“We are looking at a totemic moment”: ForwardKeys assesses impact of closure of EU borders

EUROPE. Up to 48,200 flights and 10.2 million seats are in jeopardy following the decision to close European Union (EU) borders for 30 days to all but essential travel into the bloc.

EU member states made the call on 17 March to adopt the guidelines.

Source: ForwardKeys. Click to enlarge.

Travel analyst ForwardKeys said Air France, which has around 800,000 seats between the EU and other world regions, might suffer the most from the restrictions among airlines. Next, in order, come Lufthansa, Emirates, KLM, Wizz Air, Qatar Airways, Ryanair, Turkish Airlines, Delta and Aeroflot.

Olivier Ponti: “We are looking at a totemic moment in the reduction of air travel and connectivity between different regions of the world”

In terms of countries, the EU nations which stand to lose the most flights are the largest, ForwardKeys said. France could lose more than two million seats and is followed, in order, by Germany (just under two million), the Netherlands and Spain (both around one million seats in service to third countries).

ForwardKeys VP Insights Olivier Ponti commented: “At present, it is not clear exactly what proportion of the 48,200 flights between the EU and so-called ‘third countries’ will be cancelled, because the EU guidelines clearly contemplate that a skeleton service needs to be maintained for essential travel and it is up to each member state to decide on the extent of implementation in their own territory. However, it is inevitable that this guidance will have an extremely substantial negative impact on connectivity.”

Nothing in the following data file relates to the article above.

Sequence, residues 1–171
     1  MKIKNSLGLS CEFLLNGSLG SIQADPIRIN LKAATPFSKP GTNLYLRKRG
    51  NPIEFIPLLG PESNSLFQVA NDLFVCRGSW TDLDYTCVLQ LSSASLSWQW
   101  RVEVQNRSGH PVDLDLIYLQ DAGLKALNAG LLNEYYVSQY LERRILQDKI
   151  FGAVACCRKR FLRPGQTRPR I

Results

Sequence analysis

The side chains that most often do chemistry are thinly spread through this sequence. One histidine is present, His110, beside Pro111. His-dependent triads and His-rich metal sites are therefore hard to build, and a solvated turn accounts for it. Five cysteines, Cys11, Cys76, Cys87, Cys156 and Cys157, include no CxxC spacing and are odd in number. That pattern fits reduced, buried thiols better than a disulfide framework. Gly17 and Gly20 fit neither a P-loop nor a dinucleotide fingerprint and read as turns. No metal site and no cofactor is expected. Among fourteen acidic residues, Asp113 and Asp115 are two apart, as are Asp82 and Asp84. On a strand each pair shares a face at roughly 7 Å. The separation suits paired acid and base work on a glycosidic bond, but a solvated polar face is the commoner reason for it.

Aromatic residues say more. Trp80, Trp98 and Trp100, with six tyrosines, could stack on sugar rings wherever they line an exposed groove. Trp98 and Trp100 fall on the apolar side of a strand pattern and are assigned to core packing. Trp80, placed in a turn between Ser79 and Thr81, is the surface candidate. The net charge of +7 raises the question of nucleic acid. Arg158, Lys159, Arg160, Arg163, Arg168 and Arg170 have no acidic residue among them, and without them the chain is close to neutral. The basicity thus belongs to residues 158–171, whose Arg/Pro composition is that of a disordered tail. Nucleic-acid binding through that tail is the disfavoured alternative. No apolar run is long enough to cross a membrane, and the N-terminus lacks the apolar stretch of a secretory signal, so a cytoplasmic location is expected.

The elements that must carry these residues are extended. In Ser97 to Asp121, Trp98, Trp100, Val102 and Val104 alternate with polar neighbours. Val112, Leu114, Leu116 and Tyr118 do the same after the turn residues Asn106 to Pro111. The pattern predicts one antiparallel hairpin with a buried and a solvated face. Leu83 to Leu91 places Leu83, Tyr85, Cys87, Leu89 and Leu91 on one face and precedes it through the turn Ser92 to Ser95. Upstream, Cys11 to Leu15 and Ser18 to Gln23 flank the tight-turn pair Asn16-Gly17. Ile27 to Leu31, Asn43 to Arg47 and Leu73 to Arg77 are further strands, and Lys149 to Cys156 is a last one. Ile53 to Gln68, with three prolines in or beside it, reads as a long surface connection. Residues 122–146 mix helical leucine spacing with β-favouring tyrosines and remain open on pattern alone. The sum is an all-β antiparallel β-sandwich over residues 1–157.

For the purposes of the EU’s guidance, the UK is not considered to be a ‘third country’ so the number of seats in jeopardy for ForwardKeys’ analysis does not include air traffic between the UK and EU countries.

But the analyst noted that with Ryanair’s announcement that it expects to stop “most if not all” flights by 24 March and to cut 80% of its schedules before then, “the impact on European air travel will likely be substantially greater than the 48,200 flights put at risk by the EU’s guidance”.

Ponti concluded: “Air capacity to and from China has fallen to a fifth of what it was before the coronavirus outbreak. With the imposition of a ban on travel to the USA from Schengen countries on 13 March and from the UK and Ireland on 16 March, almost nobody can go to the USA from Europe.

“Now, with the latest restrictions on travel, this time proposed by the EU, we are looking at a totemic moment in the reduction of air travel and connectivity between different regions of the world.”

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